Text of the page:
The epoch of this presentation being here symbolized, it synchronizes with that part of the parable of the "ten virgins which took their lamps and went forth to meet the Bridegroom," when, the Bridegroom having come, "they that were ready went in with him to the marriage, and the door was shut" -- those left without, afterwards crying in vain for admittance, Matt.25:10. The wife had been made ready by its having been "granted that she should be arrayed in fine linen, clean and white -- [mar. 'bright']; for the fine linen is the righteousness of the saints," 19:8. Such were the "white robes" given to those who cried from under the altar (6:11), and who afterwards, at an epoch synchronizing with the marriage of the Lamb, appeared, "a great multitude which no man could number, of all nations, and kindreds, and people, and tongues," who "stood before the throne, and before the Lamb, clothed with white robes, and palms in their hands, and cried with a loud voice, saying, Salvation to our God which sitteth upon the throne, and unto the Lamb," 7:9, 10. These were they of whom one of the elders asked, saying, "What are these which are arrayed in white robes? and whence came they?" and who was answered: "These are they which came out of great tribulation, and have washed their robes and made them white in the blood of the Lamb. Therefore are they before the throne of God, and serve him day and night in his temple: and he that sitteth on the throne shall dwell among them. They shall hunger no more, neither thirst any more; neither shall the sun light on them, nor any heat. For the Lamb which is in the midst of the throne shall feed them, and shall lead them unto living fountains of waters; and God shall wipe away all tears from their eyes," 7:13-17. These had complied with the condition to the promise: "He that overcometh, the same shall be clothed in white raiment; and I will not blot out his name out of the book of life, but I will confess his name before the Father and before his holy angels," 3:5. "These are they which follow the Lamb whithersoever he goeth. These were redeemed from among men, being the first fruits unto God and to the Lamb," 14:4.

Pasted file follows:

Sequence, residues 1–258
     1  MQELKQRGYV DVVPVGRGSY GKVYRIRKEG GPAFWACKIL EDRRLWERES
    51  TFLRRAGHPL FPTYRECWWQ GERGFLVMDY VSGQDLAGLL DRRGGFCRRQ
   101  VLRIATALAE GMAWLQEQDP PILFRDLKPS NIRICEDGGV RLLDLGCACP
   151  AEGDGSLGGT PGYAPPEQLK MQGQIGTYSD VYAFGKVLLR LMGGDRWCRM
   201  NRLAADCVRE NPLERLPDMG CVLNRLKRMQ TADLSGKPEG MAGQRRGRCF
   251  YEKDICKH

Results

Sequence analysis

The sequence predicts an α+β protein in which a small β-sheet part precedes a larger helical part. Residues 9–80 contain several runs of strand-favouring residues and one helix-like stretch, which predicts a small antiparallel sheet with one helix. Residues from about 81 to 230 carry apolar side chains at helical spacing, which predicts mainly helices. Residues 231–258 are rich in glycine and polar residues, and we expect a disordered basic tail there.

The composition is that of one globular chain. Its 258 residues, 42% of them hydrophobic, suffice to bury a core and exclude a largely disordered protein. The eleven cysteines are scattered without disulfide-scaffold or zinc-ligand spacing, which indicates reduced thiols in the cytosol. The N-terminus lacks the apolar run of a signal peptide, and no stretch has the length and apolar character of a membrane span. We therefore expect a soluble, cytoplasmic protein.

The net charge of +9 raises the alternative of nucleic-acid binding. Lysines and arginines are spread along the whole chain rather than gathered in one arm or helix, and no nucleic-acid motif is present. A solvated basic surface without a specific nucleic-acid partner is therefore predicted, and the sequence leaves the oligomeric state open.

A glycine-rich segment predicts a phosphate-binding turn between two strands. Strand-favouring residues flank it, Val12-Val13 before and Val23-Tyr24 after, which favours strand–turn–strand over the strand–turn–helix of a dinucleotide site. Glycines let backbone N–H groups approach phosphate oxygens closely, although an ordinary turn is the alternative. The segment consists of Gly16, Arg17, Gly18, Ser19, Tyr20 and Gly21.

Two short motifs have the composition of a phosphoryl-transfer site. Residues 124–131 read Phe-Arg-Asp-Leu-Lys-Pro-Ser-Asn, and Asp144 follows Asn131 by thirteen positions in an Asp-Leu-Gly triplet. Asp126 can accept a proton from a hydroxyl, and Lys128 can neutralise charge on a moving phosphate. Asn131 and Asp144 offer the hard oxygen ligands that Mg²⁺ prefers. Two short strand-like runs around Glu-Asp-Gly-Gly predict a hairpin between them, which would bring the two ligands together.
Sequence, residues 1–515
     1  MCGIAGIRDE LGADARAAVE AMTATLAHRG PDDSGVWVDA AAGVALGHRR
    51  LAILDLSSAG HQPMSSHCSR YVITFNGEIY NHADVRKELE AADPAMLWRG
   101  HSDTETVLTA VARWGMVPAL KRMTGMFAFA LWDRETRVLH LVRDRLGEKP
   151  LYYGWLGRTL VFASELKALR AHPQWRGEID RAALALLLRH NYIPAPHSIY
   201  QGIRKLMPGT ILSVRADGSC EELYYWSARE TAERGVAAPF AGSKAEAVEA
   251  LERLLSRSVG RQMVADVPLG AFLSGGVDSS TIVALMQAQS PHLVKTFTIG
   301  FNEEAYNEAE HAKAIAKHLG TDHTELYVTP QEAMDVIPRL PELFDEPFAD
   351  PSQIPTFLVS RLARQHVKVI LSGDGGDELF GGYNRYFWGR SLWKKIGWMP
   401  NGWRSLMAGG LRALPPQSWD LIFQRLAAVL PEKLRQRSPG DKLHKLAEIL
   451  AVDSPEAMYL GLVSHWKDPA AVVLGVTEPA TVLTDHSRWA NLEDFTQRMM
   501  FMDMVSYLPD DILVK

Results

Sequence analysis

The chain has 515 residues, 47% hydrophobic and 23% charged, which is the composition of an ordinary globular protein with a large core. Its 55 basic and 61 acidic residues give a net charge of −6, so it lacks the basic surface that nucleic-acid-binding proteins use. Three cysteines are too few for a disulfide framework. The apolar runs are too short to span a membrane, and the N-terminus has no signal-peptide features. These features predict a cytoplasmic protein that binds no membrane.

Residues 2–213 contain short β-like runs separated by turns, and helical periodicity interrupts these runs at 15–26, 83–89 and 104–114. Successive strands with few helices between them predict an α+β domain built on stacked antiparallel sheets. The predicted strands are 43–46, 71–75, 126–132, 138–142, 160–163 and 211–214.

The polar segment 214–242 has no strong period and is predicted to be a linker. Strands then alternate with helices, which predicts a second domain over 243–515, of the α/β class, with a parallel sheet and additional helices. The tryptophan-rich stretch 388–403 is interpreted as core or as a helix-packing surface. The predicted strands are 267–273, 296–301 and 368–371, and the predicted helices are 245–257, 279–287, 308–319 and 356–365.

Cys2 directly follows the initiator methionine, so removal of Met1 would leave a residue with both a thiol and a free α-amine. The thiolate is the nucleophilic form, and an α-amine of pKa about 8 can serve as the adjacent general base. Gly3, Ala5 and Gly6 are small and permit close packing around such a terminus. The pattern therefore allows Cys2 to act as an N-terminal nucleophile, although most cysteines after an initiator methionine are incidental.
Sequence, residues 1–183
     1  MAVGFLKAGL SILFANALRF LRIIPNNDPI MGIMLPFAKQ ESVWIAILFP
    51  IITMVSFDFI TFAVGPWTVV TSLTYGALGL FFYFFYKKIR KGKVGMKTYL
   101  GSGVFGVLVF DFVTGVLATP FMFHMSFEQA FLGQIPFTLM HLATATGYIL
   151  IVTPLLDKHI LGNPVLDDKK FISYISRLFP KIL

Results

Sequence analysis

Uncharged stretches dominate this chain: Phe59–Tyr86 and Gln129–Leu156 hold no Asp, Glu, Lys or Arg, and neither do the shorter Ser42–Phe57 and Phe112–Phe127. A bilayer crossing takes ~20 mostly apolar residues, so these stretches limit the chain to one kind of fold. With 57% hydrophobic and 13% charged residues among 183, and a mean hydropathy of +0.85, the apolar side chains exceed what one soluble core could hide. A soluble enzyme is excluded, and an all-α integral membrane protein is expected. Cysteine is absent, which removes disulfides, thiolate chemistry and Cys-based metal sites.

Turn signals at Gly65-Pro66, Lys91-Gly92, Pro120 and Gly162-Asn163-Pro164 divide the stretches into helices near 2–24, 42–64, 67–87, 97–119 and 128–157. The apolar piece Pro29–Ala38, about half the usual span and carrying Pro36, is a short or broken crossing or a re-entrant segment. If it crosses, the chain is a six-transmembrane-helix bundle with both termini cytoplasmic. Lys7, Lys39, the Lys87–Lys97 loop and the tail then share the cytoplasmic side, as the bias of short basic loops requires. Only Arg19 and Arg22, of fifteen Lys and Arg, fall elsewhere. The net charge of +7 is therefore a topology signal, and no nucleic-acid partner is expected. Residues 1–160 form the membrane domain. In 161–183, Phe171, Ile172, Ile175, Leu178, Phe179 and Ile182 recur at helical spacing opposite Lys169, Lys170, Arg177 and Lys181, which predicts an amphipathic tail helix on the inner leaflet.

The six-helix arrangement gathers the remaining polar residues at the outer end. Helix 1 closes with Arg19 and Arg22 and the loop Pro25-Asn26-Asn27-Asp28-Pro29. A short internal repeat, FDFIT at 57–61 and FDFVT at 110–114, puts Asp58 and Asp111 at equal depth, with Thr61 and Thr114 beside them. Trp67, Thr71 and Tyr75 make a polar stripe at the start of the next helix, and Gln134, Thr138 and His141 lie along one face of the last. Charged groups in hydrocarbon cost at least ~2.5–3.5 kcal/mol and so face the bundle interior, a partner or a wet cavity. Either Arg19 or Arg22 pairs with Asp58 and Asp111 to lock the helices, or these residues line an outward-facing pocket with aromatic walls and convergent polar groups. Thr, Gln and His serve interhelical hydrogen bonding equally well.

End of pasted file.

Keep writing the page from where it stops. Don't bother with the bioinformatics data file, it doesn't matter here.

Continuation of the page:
"Blessed are they which are called unto the marriage supper of the Lamb," 19:9. Truly are they blessed; for "they shall hunger no more, neither thirst any more; neither shall the sun light on them, nor any heat," 7:16. They attain the promised blessing: "Blessed and holy is he that hath part in the first resurrection," 20:6. "And God shall wipe away all tears from their eyes; and there shall be no more death, neither sorrow, nor crying, neither shall there be any more pain: for the former things are passed away," 21:4. So entranced was the apocalyptic seer at these symbols of the glorified redeemed, that he fell at his feet to worship the angel who showed him these things. But his fellow servant shrank back from the reception of homage, and pointed to God as the only object of adoration.
The union of the saints to Christ in the clouds of heaven being symbolized, they receive the gracious welcome: "Come, ye blessed of my Father, inherit the kingdom prepared for you from the foundation of the world," Matt.25:34. But first it is necessary to redeem the "purchased possession" (Eph.1:14), to reconquer the revolted province, which, since the fall, has been subject to "the god of this world" (2 Cor.4:4), the "prince of the power of the air" (Eph.2:2), to rescue it from the dominion of the usurper, and deliver it from its present mis-rule "up to God the Father" (1 Cor.15:24), who will bestow it on One who is worthy to wear its crown. For when Daniel saw that "the judgment was set and the books were opened," he also "saw in the night visions, and, behold, one like the Son of man came in the clouds of heaven, and came to the Ancient of days, and they brought him near before him; and there was given him dominion, and glory, and a kingdom, that all people, nations and languages, should serve him: his dominion is an everlasting dominion, which shall not pass away, and his kingdom that which shall not be destroyed," Dan.7:10, 13, 14. He comes, then, to dispossess the usurper, and to take possession of his kingdom. The next representation, then, symbolizes the coming of: